Samuel Barber’s Vanessa at Glyndebourne
20th July 2018
Vanessa is being revived in years after decades of European neglect. Its first reception in 1958 at the Metropolitan Opera in New York was immensely enthusiastic; Newsweek reported that Barber's presence was met with ’the full-throated roar usually reserved for prima donnas’, while the conductor Dimitri Mitropoulos exclaimed: ‘At last, an American grand opera!’. Later that year, the composer was awarded the Pulitzer Prize for Music. When the work travelled to the Salzburg Festival, however, the lush neo-romanticism of Vanessa was dismissed by European critics in an era of avant-garde idioms as ‘an opera for the public and not for intellectuals’.
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Audiences and opera houses are now rediscovering its immense beauty and deep humanism with female experience at its centre. In a similar way to Hitchcock’s Vertigo, which premiered just four months later, Vanessa is a story of erotic obsession.
Abandoned by her lover Anatol, Vanessa retreats from the world. With only her mother and niece Erika for company, she drapes all mirrors in black cloth so that in her mind she will never age. A man called Anatol arrives. However, he is not Vanessa’s former lover, but his son. Anatol is handsome and charming and quickly seduces Erika. She becomes pregnant with his child but soon loses interest and leaves him. Following Erika’s rejection, he turns to Vanessa, who, believing him to be his father's younger self, is instantly charmed. The night Vanessa and Anatol formally announce their engagement, Erika disappears from the house to abort the baby in the snow. Wrapped up in her own self-deceit, Vanessa leaves the mansion with the young Anatol, leaving Erika who waits for her true love.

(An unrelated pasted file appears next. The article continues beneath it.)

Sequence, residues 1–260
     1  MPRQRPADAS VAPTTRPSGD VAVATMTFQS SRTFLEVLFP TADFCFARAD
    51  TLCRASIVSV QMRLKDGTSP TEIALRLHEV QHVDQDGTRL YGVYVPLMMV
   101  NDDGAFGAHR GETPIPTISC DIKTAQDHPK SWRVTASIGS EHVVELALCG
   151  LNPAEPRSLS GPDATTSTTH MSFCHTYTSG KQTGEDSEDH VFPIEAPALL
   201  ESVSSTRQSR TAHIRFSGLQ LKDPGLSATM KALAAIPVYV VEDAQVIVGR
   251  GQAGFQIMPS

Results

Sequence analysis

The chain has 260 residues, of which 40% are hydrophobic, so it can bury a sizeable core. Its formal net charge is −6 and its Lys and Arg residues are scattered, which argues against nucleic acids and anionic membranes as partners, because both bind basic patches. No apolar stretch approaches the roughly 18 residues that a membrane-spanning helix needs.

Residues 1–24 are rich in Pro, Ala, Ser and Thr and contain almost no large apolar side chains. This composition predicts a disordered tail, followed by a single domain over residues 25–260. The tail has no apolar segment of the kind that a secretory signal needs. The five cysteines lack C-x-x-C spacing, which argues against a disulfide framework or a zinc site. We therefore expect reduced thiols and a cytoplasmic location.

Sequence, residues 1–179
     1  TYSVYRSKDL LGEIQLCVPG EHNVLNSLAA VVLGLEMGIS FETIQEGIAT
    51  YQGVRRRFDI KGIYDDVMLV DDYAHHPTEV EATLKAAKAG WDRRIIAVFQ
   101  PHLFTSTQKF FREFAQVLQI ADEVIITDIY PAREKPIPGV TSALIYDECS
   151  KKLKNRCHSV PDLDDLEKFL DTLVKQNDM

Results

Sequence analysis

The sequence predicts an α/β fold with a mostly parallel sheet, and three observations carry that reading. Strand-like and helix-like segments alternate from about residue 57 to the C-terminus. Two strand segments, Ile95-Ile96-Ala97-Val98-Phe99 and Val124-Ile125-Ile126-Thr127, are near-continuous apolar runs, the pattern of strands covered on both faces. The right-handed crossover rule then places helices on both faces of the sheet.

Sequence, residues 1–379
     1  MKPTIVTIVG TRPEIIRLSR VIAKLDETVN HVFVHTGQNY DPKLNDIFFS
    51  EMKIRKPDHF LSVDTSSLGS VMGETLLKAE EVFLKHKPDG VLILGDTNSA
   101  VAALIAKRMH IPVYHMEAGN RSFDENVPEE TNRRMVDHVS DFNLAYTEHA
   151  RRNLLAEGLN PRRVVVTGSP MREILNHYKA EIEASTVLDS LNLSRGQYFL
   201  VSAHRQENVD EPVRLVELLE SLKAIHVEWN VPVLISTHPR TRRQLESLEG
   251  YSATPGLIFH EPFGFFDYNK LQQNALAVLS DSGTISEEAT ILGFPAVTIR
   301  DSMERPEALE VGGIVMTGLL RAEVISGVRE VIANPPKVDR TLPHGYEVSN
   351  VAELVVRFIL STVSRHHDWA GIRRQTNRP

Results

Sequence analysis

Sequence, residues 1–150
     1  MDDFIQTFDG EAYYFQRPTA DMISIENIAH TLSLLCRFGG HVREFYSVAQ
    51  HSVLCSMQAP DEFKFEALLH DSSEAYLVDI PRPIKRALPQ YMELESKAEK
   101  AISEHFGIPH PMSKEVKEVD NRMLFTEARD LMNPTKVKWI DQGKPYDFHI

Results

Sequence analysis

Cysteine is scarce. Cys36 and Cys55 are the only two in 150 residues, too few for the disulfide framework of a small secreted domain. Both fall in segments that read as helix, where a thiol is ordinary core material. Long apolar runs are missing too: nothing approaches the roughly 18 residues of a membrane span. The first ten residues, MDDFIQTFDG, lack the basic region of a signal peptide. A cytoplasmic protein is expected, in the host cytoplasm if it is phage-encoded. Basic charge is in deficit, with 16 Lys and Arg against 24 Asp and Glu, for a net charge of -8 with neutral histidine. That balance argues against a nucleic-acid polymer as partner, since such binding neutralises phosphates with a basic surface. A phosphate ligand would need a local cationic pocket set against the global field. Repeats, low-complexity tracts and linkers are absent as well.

Olivier Award-winning director Keith Warner (below) makes his Glyndebourne debut with this production which promises to bring out the psychological tensions of Barber’s heart-breaking domestic drama. Jakub Hrůša conducts the London Philharmonic Orchestra, the Glyndebourne Chorus and a cast which includes Emma Bell (Vanessa), Virginie Verrez (Erika) and Edgaras Montvidas (Anatol).
Keith Warner on his new production of Vanessa
Dates and timesSunday 5 August, 4.45 pmTuesday 7 August, 5.20 pmFriday 10 August, 5.20 pmSunday 12 August, 4.45 pmTuesday 14 August, 5.20 pm >> live streaming in cinemas and onlineFriday 17 August, 5.20 pmSunday 19 August, 4.45 pmWednesday 22 August, 5.20 pmFriday 24 August, 5.20 pmSunday 26 August, 4.45 pm
Tickets and more info at glyndebourne.com/vanessa
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